Iruya is a traditional village set in a stunning valley in North Argentina. There’s a few buses every day to and from Humahuaca - travel time is a little over three hours. Of all the villages I visited in this part of Argentina, Iruya has the most spectacular setting. It’s a great place to spend a bit of time hiking in the surrounding countryside.
The mountains around Iruya are huge, as are the cliffs and gorges. There’s various stunning day treks that can be undertaken individually - we took the two and a half hours relatively flat hike to San Isidro, which was a spectacular walk. There’s about 10 cheap, basic hospedajes in San Isidro, though when we visited we hardly saw any other tourists, nor were any restaurants open.
Longer treks can also be arranged locally in Iruya. Our Hospedaje owner told us of an amazing sounding 5 day hike to Nazareno, from where you can pick up a bus to La Quiaca on the Bolivian border. There’s even longer treks that can be arranged - you’ll need a tent, and would eat food in the homes of local families. As it can get so cold at night, you’ll need to come prepared with plenty of warm clothing. Our hospedaje owner said guides cost about ARG $60 (US $20) a day for such long trekking tours.
Iruya is my pick of all travel destinations in North Argentina. The setting of the village, and the surrounding countryside, really is stunning. Allow two nights at least.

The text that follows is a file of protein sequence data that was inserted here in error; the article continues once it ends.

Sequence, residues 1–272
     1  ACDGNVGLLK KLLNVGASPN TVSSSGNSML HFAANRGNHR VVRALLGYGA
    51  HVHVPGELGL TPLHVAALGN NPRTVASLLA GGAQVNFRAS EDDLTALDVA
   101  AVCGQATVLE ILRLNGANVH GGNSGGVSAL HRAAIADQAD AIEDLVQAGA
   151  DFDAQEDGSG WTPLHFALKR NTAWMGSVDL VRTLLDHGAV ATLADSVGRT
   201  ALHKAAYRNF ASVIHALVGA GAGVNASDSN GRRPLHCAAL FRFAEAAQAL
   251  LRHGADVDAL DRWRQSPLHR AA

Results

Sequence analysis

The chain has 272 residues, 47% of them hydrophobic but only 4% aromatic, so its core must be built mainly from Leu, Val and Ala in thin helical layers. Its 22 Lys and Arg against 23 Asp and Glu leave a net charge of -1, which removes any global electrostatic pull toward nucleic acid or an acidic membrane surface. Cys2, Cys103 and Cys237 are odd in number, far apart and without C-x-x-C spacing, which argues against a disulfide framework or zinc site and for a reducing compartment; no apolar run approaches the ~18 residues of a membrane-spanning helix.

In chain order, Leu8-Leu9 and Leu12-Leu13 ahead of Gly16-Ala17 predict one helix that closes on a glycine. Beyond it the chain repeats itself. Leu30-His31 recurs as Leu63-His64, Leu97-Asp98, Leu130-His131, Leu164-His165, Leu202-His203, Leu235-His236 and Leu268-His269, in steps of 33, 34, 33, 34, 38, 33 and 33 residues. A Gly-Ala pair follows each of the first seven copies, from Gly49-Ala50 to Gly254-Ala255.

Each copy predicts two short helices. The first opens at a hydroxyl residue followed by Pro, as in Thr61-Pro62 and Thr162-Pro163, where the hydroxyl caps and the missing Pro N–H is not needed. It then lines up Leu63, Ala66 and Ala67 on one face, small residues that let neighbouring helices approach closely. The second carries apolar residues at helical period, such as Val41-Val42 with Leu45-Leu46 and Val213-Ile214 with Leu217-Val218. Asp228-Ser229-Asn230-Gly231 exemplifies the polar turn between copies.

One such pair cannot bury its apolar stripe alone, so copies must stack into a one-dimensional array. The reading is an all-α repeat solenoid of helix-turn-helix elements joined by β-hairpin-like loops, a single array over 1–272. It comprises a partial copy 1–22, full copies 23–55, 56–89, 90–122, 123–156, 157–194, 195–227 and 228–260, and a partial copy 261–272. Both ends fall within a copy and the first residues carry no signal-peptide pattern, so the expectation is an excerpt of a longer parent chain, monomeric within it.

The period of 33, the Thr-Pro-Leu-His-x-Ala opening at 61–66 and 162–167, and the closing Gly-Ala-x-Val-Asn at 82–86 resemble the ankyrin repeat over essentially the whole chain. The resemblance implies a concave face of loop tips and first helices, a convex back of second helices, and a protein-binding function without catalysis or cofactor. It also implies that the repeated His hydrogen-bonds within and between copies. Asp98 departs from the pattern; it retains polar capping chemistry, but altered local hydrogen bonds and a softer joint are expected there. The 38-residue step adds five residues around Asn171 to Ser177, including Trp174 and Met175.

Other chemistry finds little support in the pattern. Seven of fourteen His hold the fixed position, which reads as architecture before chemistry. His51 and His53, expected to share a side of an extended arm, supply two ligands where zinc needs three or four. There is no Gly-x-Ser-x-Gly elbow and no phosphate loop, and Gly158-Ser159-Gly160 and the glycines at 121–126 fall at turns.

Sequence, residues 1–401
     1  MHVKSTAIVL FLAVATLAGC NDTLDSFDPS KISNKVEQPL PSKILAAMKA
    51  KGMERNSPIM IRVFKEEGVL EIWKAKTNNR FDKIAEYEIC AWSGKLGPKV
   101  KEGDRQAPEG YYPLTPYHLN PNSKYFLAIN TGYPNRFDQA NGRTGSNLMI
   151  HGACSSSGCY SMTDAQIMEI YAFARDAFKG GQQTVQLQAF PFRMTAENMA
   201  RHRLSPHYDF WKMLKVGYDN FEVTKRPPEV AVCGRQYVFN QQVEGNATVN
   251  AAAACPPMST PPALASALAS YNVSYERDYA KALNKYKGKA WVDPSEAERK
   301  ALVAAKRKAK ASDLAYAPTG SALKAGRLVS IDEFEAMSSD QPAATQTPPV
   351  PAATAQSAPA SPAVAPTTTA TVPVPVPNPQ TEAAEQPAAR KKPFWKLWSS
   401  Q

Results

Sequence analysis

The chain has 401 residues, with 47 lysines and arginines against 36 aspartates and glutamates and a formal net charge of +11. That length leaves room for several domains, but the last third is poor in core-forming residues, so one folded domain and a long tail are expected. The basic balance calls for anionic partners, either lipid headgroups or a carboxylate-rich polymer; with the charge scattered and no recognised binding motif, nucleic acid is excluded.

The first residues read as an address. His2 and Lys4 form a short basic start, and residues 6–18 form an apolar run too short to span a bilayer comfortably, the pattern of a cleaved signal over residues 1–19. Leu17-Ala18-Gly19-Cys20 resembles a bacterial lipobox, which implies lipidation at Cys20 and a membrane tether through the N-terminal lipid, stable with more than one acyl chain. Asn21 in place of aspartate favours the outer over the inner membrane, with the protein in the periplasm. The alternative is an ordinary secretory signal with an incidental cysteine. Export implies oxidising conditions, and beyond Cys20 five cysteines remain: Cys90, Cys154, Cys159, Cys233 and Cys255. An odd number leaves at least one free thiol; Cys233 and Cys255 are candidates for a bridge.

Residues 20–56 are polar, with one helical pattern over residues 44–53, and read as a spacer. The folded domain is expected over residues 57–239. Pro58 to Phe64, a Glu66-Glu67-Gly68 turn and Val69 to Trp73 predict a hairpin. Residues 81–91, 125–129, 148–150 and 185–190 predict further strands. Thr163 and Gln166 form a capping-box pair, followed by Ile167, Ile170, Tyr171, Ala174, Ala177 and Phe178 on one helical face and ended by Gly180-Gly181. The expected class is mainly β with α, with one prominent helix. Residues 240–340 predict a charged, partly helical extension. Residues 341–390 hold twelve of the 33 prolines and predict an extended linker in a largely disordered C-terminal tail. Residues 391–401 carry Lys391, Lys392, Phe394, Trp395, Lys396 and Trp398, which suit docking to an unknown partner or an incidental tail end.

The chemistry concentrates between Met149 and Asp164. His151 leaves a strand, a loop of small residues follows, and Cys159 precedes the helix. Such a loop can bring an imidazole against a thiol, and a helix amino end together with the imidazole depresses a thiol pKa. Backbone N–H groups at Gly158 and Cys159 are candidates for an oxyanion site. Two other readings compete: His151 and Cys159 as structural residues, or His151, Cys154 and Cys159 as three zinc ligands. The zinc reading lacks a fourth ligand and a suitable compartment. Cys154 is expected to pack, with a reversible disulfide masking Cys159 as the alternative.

There’s at least a dozen hotels / hospedajes in Iruya. Many are pretty basic and only cost ARG $10 per person in a shared room. Without doubt, the best budget option is Hospedaje Asunta (tel 0387 154045113), where we stayed in a double room for ARG $25 a night - stunning views from the patio, large clean rooms and big, clean shared bathrooms plus friendly, helpful owners. It’s a total bargain - from where buses drop you off in Iruya, walk straight uphill 100 metres to find it.
Many Argentina travel guides lend hearsay to Hostal Federico 3 - the place is totally overpriced at a whopping ARG $180 a night - avoid it. If you’re not travelling on a budget, you’re better of selecting Hosteria de Iruya (ARG $250 for a double with view), which is a lovely hotel with great views at the very top of the town. Hosteria de Iruya also has the only decent restaurant we found - and prices are only 20% more than the rubbish alternatives in the centre of the village.
Hosteria de Iruya is a little overpriced though - I got the same view for a tenth the price at Hospedaje Asunta. These are the two hotels I’d recommend in Iruya - select one according to your budget.
Leaving Iruya, most people travel North straight to Bolivia - there’s a 6 am bus departing Iruya daily (except Sundays) to Humahuaca (3 and a bit hours), from where there’s regular buses to La Quiaca on the border (2 and a bit hours) - so you’ll be in Bolivia by lunch time, and can easily pick up another bus onwards to Tupiza for example. If travelling from Bolivia, getting to Salta the same day is equally easy.